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Overwhelmed by Your To-Do List? How to Decide What to Do Now

“It is better to take many small steps in the right direction than to make a great leap forward only to stumble backward.” ~Proverb

I’ve been mentoring writers for years, and one problem many of them run into is that they have so many ideas and projects that they don’t know where to start. They may want to write for big-name magazines, draft a novel, sell a nonfiction book, start a blog, and write an e-book.

Each of these projects has dozens of to-do items associated with it. Where to start? They’re so confused that they do nothing at all.

I sometimes have the same problem myself: I’ve been a freelance health writer since 1997, but recently I’ve been studying to add certified personal trainer and wellness coach to my repertoire. So my task list is long and varied, from stocking my personal training studio to pitching article ideas to creating motivational handouts for my new clients.

When I think about all I have to do—and everything seems to have equal priority—I can’t decide which task to get started on, so I do nothing.

When you’re confronted with an arm-length to-do list, ask yourself these questions:

How Much Time Do I Have?

Figure out how much time you have to spend right now, and slot in the item you think you can get done in that time—even if you’re working on the project “out of order.”

If you have 10 minutes, use that time to read a chapter in a personal development book, meditate, or read a few blog posts in your industry to keep up with the news. If you have an hour, you can get your exercise in, do prep work for tonight’s dinner, write a blog post, or call that friend you’ve been meaning to catch up with.

How Much Energy Do I Have?

If you’re having a low energy day, don’t set yourself up for failure by committing to do interval training for an hour, write 2,000 words, and clean out the biggest, messiest closet in your house. Pick one of the tasks from your list that you can do with little get-up-and-go, like shopping for a birthday present online, researching new clients, or cleaning out the junk drawer in the kitchen.

Feeling pumped today? Knock the big items off your internal to-do list: work on a big part of that new project, clean that closet, go out for a run, or redecorate that room.

Energy ebbs and flows, and if you just go with it instead of trying to force yourself to do projects you don’t have the energy for, you’ll find that your to-do list naturally shrinks.

Can I Create a Small Win?

Say you want to lose weight, and you decide to start doing interval cardio workouts, lifting weights, practicing yoga, and eating better. So here you are on Monday morning and all of these possibilities are bouncing around in your head, screaming for your attention. You don’t know where to start, and every possibility seems big and scary.

Here’s what you can do: Pick any tiny task that you can easily accomplish to set yourself up for a small win that will boost your motivation and energy and make you want to do even more.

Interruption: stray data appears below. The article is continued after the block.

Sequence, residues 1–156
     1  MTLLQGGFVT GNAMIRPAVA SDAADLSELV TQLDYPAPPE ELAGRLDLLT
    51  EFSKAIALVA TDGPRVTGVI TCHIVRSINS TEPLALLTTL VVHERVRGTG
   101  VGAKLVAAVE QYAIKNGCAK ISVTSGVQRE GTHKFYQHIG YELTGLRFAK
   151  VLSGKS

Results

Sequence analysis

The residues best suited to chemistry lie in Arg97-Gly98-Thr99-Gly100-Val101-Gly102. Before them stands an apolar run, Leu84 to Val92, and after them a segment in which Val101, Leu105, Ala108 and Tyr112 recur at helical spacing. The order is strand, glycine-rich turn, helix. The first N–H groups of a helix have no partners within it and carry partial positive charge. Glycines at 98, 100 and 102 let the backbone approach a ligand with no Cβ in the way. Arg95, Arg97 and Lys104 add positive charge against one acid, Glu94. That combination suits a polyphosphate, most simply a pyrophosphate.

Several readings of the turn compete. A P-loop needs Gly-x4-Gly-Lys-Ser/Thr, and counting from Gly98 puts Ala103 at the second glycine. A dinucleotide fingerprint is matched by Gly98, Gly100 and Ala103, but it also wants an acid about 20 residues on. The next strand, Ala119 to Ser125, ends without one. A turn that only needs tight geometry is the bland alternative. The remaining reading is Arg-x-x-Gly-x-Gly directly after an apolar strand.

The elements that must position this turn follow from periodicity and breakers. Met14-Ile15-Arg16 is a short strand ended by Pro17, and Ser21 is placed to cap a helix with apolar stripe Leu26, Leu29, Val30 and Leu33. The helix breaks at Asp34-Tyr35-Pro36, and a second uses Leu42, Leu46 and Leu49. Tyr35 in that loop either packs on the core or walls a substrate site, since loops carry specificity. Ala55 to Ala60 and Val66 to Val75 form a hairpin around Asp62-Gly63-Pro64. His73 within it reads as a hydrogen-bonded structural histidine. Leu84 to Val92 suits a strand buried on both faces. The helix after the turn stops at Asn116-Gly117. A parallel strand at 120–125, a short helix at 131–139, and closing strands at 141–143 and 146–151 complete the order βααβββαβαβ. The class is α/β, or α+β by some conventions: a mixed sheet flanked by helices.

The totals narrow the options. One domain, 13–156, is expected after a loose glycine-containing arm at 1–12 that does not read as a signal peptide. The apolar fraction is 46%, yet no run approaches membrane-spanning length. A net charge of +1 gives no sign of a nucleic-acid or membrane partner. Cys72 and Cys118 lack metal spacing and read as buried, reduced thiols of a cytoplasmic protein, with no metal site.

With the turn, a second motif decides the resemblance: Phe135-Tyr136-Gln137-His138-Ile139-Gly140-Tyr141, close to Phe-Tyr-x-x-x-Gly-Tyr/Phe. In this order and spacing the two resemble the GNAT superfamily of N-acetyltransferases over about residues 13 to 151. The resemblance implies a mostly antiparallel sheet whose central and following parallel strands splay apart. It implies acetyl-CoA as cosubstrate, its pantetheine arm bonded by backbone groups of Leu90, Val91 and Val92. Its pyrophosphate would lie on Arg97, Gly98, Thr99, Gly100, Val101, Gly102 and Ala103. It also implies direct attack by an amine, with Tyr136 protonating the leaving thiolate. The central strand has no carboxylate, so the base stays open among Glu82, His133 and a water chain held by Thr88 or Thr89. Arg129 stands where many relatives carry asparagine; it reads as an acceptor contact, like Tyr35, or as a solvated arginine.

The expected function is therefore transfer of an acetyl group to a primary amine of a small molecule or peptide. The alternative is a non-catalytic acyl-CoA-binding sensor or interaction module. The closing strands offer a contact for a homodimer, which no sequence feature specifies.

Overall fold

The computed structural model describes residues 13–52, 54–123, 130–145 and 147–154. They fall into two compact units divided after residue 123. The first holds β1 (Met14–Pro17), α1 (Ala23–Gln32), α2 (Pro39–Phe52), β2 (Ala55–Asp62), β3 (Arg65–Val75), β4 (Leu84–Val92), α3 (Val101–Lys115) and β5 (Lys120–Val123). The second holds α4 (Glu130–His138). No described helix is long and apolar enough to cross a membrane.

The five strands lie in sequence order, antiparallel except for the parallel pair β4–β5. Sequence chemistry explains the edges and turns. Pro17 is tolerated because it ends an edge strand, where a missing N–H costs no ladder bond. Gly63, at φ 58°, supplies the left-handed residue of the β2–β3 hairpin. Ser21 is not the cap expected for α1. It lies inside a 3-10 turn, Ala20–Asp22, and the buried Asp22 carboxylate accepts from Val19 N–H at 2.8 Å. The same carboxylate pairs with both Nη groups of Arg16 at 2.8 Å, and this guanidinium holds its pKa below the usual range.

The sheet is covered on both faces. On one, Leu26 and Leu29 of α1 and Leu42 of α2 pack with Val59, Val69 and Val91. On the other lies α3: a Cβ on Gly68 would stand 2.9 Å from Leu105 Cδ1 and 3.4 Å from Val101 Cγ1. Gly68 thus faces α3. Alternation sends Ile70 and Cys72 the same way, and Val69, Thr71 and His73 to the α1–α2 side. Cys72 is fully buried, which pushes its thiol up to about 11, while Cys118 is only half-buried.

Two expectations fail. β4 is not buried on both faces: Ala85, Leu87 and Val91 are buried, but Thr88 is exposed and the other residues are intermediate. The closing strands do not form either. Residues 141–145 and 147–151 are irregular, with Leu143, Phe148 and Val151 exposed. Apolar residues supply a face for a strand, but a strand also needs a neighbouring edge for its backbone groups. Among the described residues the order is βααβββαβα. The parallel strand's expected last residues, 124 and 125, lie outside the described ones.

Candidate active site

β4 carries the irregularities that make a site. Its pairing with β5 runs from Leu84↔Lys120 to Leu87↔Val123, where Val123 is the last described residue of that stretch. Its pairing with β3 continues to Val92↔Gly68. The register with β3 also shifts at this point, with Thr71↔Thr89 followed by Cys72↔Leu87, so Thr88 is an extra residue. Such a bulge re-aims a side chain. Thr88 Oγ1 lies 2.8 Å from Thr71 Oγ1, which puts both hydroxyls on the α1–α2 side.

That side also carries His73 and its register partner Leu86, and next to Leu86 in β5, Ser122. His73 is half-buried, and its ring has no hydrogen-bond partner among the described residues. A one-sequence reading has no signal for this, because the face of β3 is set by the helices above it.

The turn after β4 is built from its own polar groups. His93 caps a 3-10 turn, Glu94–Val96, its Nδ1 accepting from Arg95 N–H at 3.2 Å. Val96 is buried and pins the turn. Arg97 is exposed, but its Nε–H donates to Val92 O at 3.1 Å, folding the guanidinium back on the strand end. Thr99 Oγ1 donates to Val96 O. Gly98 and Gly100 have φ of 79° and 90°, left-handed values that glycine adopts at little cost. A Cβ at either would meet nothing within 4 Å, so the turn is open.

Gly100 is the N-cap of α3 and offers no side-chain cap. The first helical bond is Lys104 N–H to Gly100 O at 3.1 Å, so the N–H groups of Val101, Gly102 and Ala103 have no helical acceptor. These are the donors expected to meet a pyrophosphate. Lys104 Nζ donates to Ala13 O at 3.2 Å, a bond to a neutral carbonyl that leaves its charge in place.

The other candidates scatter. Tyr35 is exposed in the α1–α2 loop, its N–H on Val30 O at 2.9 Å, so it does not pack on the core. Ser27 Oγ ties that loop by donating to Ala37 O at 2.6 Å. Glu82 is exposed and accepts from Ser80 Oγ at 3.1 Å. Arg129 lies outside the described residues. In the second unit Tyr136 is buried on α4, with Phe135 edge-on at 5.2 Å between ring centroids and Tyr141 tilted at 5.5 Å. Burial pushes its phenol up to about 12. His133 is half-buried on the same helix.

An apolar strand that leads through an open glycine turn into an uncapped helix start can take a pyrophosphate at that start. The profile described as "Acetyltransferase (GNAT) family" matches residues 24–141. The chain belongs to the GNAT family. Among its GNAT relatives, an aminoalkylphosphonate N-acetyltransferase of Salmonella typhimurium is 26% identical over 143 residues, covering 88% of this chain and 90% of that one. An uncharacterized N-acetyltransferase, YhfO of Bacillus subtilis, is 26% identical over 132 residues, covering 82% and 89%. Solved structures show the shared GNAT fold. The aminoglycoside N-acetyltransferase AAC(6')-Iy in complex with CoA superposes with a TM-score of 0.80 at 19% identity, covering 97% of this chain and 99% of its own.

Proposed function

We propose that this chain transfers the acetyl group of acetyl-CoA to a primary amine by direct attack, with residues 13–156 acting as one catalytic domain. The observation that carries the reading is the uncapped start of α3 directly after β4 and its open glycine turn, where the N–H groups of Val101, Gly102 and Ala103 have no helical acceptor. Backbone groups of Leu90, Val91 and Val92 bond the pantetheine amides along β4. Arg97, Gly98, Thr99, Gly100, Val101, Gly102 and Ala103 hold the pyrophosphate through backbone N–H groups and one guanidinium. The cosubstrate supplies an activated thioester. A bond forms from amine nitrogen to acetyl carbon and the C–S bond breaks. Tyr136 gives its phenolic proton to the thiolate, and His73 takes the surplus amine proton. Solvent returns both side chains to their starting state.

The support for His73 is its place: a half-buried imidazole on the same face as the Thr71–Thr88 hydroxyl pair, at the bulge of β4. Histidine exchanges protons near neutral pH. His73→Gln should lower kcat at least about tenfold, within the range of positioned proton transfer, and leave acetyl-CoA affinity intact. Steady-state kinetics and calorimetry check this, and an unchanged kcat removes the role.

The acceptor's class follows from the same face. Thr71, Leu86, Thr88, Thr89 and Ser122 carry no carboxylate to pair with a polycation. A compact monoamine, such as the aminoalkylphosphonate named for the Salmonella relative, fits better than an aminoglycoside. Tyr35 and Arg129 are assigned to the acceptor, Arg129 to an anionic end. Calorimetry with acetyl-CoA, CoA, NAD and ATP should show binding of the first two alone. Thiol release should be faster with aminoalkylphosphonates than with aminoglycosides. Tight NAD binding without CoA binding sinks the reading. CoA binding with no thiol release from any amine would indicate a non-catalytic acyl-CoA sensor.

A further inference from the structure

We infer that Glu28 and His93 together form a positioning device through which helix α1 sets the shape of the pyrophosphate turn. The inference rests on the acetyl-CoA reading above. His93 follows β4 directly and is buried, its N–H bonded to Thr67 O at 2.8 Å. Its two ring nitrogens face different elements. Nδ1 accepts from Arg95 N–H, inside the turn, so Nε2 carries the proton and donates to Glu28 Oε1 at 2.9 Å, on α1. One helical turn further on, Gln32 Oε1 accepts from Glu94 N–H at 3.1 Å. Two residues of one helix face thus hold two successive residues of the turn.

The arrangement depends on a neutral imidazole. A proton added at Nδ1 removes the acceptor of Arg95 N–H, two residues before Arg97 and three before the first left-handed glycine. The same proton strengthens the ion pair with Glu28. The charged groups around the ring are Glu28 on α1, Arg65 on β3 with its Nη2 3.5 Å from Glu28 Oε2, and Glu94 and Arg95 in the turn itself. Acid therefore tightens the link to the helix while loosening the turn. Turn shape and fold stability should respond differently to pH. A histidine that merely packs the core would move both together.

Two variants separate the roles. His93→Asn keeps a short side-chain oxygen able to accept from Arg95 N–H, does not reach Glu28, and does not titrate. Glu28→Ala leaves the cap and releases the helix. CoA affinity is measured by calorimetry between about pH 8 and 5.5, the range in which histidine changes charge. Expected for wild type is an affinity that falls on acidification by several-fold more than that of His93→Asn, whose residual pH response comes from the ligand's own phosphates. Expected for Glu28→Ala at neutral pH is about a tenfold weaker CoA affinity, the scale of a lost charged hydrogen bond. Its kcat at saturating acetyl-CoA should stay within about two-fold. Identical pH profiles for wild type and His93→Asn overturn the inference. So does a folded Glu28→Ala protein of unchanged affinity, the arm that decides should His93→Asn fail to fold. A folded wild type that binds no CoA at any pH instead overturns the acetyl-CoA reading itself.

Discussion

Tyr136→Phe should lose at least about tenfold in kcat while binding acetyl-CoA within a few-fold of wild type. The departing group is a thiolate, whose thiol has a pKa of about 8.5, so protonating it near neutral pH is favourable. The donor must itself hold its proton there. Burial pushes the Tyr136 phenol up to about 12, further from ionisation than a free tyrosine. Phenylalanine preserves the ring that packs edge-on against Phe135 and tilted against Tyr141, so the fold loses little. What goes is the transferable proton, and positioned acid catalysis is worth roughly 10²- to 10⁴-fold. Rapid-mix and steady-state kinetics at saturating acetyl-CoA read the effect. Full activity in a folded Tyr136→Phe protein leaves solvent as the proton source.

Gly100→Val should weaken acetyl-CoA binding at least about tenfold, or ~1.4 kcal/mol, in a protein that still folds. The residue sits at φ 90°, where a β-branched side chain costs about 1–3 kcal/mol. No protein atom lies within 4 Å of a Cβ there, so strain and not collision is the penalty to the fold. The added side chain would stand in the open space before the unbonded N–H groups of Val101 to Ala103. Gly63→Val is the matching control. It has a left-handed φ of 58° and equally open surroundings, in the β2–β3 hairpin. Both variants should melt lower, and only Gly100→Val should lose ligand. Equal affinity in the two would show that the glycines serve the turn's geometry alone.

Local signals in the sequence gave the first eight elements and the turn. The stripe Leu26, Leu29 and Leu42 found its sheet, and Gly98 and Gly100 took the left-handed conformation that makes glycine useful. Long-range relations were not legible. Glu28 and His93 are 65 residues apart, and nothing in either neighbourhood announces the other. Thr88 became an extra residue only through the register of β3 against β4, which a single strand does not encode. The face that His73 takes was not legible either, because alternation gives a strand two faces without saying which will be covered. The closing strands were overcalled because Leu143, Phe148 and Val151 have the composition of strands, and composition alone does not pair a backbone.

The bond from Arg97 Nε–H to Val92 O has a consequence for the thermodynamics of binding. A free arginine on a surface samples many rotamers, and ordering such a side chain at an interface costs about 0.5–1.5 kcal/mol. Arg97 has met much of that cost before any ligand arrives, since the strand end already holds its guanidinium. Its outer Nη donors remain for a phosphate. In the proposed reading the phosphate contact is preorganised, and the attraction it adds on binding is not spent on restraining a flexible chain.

For example, commit to walking outside for five minutes. Chances are, once you finish your five minutes you’ll feel so proud that you managed to get yourself out the door—and pumped from the exercise—that you’ll want to go further. And if you don’t, it doesn’t matter, because you met your goal for the day.

Or you could buy a yoga video online (success!), toss all the processed food out of your house (success!), or do 10 push-ups (success!). Every small step counts and these little wins will snowball into some big wins.

What If I Just Pick One Random Task?

I told a friend about my problem with deciding what to do next, and she gave me this advice: Do anything. Just pick one thing—anything—and get started on it.

Now, if you have a deadline or some other urgent project, of course you would do that. But if you’re in a position where everything seems equally important, it really doesn’t matter what you pick. Just starting on any one task will get you one step closer to your goal. It will also build momentum so that you want to knock more and more tasks off your list.

For example, if you’re like a lot of people out there, you have an idea for a book, but writing the proposal seems like too big a task. Should you write the sample chapters, the competitive analysis, your bio? It doesn’t matter. Just pick anything from your long list and get moving.

Commit to spending half an hour researching competing titles on Amazon. If you still have energy when you’re done, work on your author’s bio. Tomorrow you can pick some other random portion of the project.

Of course, these same ideas apply to other projects, if you’re not a writer. What matters is that you keep moving forward. Instead of worrying that you’re not doing the one perfect task at any moment in time, rest assured that if you’re doing anything at all towards your goals, you’re ahead of the game.

Lori’s Note: I accidentally attached my bio to yesterday’s post, 5 Ways to Push Through Fear. That post was actually written by the talented and insightful Lynn Zavaro.

Photo by Ed Yourdon

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About Linda Formichelli

Linda Formichelli is a freelance health writer, personal trainer, and wellness coach in Apex, NC. She blogs about wellness, fitness, and motivation at HappyFit and about magazine writing at The Renegade Writer.

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  • http://www.facebook.com/people/KJ-DellAntonia/583848910 K.J. Dell’Antonia

    Linda, I love this–but don’t forget, if you have an hour, you can ALSO get started on that book. Or write another page of that book. You can do a small piece of the big thing that really matters to you instead of letting the little things take away your every hour. Sometimes, if you wait until you have enough time and energy to start…you never start!